The Truth About Detox Diets
Scientific Evidence Is Lacking
There is little scientific evidence that detoxification is necessary or effective for good health or weight loss. Sacks says, "Your body is designed to remove toxins efficiently with organs such as the kidneys, liver, and colon. You don’t need detox diets, pills, or potions to help your body do its job."
Experts agree there is no credible science to support claims that detox diets work or that there's any need for detoxification, lymphatic draining, and frequent bowel cleansing. There are no studies available to document the benefits. Instead, most claims are based on testimonials.
Some detox plans sound like a very scientific approach to cleansing your body of harmful substances.
Unfortunately, most detox diets lack the fundamentals that dietitians, doctors, and health authorities know are essential for weight loss and good health. The risks outweigh any benefits, making traditional detox diets both ineffective and potentially dangerous. Detox diets are based on unrealistic fears and dieters' lack of understanding of how the body works.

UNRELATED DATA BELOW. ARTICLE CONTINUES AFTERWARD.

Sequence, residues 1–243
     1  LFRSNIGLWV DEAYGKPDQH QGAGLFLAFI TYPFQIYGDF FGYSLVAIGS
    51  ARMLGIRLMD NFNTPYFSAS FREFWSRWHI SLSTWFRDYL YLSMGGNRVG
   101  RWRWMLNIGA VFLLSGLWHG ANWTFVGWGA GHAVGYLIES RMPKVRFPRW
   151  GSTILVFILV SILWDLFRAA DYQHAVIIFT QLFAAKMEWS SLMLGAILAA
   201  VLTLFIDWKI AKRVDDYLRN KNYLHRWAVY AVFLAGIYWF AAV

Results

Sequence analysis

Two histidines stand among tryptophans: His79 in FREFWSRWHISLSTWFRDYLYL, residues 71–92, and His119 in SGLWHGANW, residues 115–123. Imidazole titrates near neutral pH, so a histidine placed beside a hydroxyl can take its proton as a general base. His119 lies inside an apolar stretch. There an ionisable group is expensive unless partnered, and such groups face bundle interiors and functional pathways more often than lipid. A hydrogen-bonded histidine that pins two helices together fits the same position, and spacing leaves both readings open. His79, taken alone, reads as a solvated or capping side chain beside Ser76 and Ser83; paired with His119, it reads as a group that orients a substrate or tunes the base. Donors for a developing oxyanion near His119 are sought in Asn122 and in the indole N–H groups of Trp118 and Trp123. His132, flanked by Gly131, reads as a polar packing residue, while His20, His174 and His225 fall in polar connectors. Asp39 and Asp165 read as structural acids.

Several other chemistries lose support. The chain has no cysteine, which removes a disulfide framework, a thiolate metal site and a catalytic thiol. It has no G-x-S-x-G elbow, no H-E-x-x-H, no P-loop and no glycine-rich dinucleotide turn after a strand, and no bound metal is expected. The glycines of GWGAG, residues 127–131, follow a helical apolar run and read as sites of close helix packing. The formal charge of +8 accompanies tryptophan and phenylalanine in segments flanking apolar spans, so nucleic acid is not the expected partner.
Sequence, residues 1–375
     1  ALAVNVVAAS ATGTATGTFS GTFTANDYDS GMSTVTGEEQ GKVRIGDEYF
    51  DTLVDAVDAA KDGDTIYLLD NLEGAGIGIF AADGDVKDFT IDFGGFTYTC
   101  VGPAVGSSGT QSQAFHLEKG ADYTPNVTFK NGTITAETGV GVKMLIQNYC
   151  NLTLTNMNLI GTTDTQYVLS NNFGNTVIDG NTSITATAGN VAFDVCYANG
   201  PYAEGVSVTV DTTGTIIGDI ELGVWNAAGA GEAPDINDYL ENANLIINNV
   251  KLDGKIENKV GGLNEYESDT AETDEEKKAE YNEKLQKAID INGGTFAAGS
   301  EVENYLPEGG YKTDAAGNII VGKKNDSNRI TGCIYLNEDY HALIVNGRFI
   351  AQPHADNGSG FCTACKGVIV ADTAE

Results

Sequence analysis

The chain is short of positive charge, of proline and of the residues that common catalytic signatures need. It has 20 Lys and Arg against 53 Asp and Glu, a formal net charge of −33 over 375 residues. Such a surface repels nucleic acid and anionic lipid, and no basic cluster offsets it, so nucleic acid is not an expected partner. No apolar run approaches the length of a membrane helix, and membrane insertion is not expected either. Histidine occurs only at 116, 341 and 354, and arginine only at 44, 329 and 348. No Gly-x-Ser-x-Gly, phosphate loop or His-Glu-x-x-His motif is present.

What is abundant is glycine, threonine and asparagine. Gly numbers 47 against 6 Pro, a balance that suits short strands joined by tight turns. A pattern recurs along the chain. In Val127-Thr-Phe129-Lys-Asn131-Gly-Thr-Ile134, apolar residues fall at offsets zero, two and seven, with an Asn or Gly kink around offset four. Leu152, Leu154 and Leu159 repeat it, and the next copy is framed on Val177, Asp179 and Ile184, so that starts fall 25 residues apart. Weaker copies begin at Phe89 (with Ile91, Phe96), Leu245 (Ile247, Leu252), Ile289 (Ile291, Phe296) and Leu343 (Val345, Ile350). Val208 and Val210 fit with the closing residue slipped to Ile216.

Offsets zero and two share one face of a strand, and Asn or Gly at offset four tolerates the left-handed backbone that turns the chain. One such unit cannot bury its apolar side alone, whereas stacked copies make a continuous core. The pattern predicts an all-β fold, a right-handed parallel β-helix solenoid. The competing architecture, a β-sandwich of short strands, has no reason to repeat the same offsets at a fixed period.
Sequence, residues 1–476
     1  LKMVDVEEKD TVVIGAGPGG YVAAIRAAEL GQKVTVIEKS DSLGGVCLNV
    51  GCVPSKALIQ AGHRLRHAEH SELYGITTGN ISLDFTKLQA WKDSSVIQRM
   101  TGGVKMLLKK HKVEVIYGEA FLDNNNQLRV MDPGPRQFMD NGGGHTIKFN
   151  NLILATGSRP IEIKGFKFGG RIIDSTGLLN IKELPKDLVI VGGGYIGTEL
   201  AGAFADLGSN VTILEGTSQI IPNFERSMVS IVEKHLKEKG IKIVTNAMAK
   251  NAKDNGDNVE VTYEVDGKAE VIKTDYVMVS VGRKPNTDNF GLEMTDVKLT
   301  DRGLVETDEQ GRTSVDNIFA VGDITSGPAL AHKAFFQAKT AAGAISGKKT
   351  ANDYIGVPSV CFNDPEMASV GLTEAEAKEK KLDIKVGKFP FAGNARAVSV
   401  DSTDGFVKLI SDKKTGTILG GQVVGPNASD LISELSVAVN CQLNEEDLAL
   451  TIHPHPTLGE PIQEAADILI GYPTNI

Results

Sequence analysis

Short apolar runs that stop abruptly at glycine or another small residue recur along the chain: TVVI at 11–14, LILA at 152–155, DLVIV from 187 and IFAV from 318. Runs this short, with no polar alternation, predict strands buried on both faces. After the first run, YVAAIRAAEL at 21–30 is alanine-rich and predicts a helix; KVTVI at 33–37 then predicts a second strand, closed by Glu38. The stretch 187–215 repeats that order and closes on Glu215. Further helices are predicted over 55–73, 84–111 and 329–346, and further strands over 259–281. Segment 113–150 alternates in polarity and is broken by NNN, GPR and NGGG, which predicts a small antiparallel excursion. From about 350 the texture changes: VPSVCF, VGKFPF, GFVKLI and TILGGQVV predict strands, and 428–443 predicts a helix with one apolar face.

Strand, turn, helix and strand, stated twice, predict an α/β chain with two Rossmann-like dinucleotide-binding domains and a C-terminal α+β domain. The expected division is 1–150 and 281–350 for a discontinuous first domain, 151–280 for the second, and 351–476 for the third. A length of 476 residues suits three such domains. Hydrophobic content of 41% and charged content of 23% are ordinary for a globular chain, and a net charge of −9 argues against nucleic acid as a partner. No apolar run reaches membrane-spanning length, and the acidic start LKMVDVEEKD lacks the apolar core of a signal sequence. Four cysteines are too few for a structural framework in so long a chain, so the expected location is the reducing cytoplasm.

Most people don’t feel good on low-calorie, nutrient-poor diets. Potential side effects include low energy, low blood sugar, muscle aches, fatigue, feeling dizzy or lightheaded, and nausea. Prolonged fasting can lead to more serious health problems. Colon cleanses are not recommended because they can alter your body’s electrolyte and fluid balance.
Whether or not a detox diet is safe depends on the plan and how long you stay on it. Fasts lasting a day or two are unlikely to be harmful for most healthy adults. But high-risk people -- the elderly, anyone with a chronic disease, pregnant women, and children -- are advised against any type of fasting.
You can detox in a healthy way, says Christine Gerbstadt, MD, RD, author of Doctor’s Detox Diet. "Extremes like colonics, starvation, and prolonged juice cleanses are not recommended. But if you view detox diets as a way of 'clean eating,' then it means eating natural, less-processed foods that are closer to the earth without artificial ingredients," she says.
Gerbstadt’s two-week plan encourages lots of water, whole fruits, vegetables, fiber, lean protein, low-fat dairy, and whole grains. It allows 1,500 to 1,600 calories per day to help shed up to 3 pounds a week. "The plan is not restrictive, satisfies hunger, can be followed long-term, and focuses on getting more fluids and fiber and [limiting] alcohol," Gerbstadt says.
Her list of the top natural detox foods includes: green leafy vegetables, lemons, watercress, green tea, broccoli sprouts, sesame seeds, cabbage, psyllium (powdered fiber), and fruits. "Beyond weight loss, minimally processed foods are healthy and nutrient-rich and contain fewer chemicals," Gerbstadt says. "The fiber and fluids speed up transit time to relieve gastrointestinal issues like constipation."